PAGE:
Before he entered the clubhouse and booze cascaded down his head, Ryan Zimmerman and his wife, Heather, came together for one last picture on the field at Nationals Park on Tuesday night. Zimmerman angled his body and pointed to the backdrop he wanted, the giant center field scoreboard that read in big block letters: National League Champions.

“Surreal,” Zimmerman said, shaking his head before he exited the field, because it was still sinking in that he was headed to his first World Series after the Nationals had swept the Cardinals with a 7-4 win in Game 4 of the National League Championship Series.

“A lot of people play for as long as I do and don’t get a chance to do this,” he added. “So I consider myself pretty lucky to still be able to do this. It definitely makes it a little sweeter.”

What else was there to say? Zimmerman simply didn’t have time Tuesday night to trace his path back to 2005, when he became the team’s first draft pick after it moved to Washington, when he was called up right away and quickly became a franchise cornerstone. His totals since then are staggering. He leads the franchise in games (1,689), hits (1,784), home runs (270), RBI (1,015), runs (936), doubles (401) and walks (630).

But there were other crucial checkpoints along the way to this first World Series berth. Zimmerman endured four brutal playoff exits in the division series. He outlasted the future face of the franchise, Bryce Harper, in Washington. And he adapted late in his career, even though he was once the same caliber of third baseman that teammate Anthony Rendon is today. He missed most of this season with plantar fasciitis in his right foot and called it probably the most difficult year of his career. Before the end of the season, there were questions of what kind of send-off Zimmerman might get, given his uncertain future with the team.

That can wait. The postseason is still unfolding in the best way imaginable after the 35-year-old reestablished himself throughout October — first with a clutch hit to help the Nationals rally to beat the Milwaukee Brewers in the wild-card game, then with consistency at the plate that is reminiscent of his prime. His teammates could see shades of the old Zimmerman throughout the past two weeks.

“For what he’s done and grinded through this whole year, we’ve been there right with him. For him to have a postseason like he’s having now, it’s just such a special moment for him and for us,” pitcher Max Scherzer said.

Tuesday was made all the more special because Zimmerman, with lingering health issues all season and an uncertain future looming, has played such a critical role during this run. Originally expected to ease back into the lineup and serve as a pinch hitter early in the postseason after a stint on the injured list, he reemerged as Washington’s everyday first baseman, a distinction he hadn’t carried all season.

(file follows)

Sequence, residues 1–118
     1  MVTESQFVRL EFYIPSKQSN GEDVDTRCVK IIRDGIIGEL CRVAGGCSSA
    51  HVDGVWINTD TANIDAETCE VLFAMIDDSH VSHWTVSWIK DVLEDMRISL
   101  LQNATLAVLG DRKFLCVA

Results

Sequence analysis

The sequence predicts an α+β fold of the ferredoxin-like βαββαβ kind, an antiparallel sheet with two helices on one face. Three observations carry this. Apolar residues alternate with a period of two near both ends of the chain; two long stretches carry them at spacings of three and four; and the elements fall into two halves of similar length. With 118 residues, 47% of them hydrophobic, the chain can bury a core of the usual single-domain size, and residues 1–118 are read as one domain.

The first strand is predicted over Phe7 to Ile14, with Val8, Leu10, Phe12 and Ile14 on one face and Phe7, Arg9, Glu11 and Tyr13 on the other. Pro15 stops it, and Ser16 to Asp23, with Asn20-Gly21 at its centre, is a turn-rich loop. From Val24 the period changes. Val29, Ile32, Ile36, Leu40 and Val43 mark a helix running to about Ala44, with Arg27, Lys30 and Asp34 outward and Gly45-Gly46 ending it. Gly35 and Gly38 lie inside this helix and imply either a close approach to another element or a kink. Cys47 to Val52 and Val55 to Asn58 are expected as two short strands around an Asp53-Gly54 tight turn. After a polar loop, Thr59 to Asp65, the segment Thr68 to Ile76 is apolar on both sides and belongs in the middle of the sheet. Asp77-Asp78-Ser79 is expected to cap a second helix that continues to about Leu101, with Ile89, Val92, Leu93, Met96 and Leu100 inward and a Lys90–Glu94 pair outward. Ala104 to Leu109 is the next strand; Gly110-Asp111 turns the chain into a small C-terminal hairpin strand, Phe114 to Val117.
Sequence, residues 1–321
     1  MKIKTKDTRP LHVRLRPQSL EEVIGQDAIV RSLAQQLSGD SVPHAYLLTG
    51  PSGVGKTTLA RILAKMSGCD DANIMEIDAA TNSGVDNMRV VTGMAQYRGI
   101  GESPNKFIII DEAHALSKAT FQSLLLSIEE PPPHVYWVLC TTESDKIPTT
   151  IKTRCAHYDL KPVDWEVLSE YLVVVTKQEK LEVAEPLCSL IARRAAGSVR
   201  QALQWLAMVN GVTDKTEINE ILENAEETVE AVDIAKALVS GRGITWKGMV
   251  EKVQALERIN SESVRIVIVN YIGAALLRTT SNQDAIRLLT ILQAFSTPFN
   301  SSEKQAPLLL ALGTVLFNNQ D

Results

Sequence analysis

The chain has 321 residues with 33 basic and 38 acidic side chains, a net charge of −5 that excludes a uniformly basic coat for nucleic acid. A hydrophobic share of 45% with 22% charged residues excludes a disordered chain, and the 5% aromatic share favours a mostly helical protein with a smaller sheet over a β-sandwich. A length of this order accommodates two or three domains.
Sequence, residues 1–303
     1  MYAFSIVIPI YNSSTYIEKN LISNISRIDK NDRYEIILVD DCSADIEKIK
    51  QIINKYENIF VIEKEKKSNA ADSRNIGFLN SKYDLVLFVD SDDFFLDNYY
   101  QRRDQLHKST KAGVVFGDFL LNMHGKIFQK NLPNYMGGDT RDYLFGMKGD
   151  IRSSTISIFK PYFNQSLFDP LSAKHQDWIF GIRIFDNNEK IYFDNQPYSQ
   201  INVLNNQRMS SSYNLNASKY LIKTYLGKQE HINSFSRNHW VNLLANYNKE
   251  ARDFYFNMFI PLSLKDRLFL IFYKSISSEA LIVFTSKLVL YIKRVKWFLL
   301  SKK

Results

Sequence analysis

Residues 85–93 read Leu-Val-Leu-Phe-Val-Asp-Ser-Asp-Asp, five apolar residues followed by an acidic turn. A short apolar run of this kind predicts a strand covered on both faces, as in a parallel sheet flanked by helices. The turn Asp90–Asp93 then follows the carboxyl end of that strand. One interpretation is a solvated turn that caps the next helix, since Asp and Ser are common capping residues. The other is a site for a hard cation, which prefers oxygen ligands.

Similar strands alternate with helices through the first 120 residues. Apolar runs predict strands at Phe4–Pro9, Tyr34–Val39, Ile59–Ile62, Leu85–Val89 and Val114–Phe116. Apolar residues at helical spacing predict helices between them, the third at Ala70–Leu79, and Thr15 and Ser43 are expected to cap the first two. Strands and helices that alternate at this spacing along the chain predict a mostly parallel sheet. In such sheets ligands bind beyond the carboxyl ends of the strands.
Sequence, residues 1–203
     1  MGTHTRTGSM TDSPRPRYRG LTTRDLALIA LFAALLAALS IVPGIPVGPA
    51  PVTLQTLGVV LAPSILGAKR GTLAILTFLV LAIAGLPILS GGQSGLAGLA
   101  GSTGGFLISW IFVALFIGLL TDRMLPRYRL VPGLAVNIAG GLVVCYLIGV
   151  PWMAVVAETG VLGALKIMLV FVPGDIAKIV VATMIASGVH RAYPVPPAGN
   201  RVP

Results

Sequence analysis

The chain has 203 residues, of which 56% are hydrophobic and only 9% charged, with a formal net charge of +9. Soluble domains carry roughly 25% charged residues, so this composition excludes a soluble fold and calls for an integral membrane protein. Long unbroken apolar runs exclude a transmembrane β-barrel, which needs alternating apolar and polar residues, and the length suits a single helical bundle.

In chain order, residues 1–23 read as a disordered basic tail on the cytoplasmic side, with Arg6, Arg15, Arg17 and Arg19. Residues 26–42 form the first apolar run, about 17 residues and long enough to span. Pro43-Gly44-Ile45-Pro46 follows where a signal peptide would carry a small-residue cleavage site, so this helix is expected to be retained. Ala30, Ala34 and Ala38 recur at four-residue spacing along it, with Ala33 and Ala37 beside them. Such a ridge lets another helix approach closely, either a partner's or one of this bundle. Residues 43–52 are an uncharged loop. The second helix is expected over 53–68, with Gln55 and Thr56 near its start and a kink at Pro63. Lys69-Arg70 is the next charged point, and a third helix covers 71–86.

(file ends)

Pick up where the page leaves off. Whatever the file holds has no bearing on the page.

“He’s the classiest big leaguer I’ve ever been around. He’s the culmination of a lot of hard work. The guy’s been through some trials and tribulations. We all forget about the first six or seven years when he played 160 games every year,” General Manager Mike Rizzo said “I saw needles in his shoulder. I saw him playing when he probably shouldn’t have been playing early in his career. It takes its toll. But that’s the kind of man he is and player he is. And you can see: When he’s a healthy player, he’s a pretty damn good one, still.”

Not only did Zimmerman prove again that he was the best defensive option at the position, he rekindled his bat to the point that the Nationals had no option but to play him there throughout this run. Zimmerman usually wouldn’t start against right-handed pitching, but his hitting has been so consistent since his pivotal three-run homer against the Los Angeles Dodgers in Game 4 of the National League Division Series that he has made four consecutive starts against righties.

He entered Tuesday with a .308 batting average in the postseason, with three doubles and a home run, and he scored during the Nationals’ seven-run first inning. Zimmerman had an animated slide at the plate to make it 5-0, and he shook his fists as he rose.

He could almost taste his first chance at a World Series. After 15 years, he could finally taste it as the champagne flowed early Wednesday morning.

“It paid off,” he said.

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